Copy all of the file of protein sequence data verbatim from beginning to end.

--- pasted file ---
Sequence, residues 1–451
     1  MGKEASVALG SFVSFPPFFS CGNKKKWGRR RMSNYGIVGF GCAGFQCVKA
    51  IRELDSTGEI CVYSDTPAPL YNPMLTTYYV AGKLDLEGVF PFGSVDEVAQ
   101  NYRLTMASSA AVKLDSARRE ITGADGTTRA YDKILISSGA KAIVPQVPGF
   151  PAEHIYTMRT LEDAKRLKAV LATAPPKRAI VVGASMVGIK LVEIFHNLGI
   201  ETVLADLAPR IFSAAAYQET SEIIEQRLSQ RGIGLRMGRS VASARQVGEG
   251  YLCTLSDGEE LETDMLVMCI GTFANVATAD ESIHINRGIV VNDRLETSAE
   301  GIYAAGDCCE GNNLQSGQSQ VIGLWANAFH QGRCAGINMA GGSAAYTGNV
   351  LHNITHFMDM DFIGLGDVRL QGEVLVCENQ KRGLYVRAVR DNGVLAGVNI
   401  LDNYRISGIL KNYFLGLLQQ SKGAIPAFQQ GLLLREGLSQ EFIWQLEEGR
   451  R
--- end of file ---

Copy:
Sequence, residues 1–451
     1  MGKEASVALG SFVSFPPFFS CGNKKKWGRR RMSNYGIVGF GCAGFQCVKA
    51  IRELDSTGEI CVYSDTPAPL YNPMLTTYYV AGKLDLEGVF PFGSVDEVAQ
   101  NYRLTMASSA AVKLDSARRE ITGADGTTRA YDKILISSGA KAIVPQVPGF
   151  PAEHIYTMRT LEDAKRLKAV LATAPPKRAI VVGASMVGIK LVEIFHNLGI
   201  ETVLADLAPR IFSAAAYQET SEIIEQRLSQ RGIGLRMGRS VASARQVGEG
   251  YLCTLSDGEE LETDMLVMCI GTFANVATAD ESIHINRGIV VNDRLETSAE
   301  GIYAAGDCCE GNNLQSGQSQ VIGLWANAFH QGRCAGINMA GGSAAYTGNV
   351  LHNITHFMDM DFIGLGDVRL QGEVLVCENQ KRGLYVRAVR DNGVLAGVNI
   401  LDNYRISGIL KNYFLGLLQQ SKGAIPAFQQ GLLLREGLSQ EFIWQLEEGR
   451  R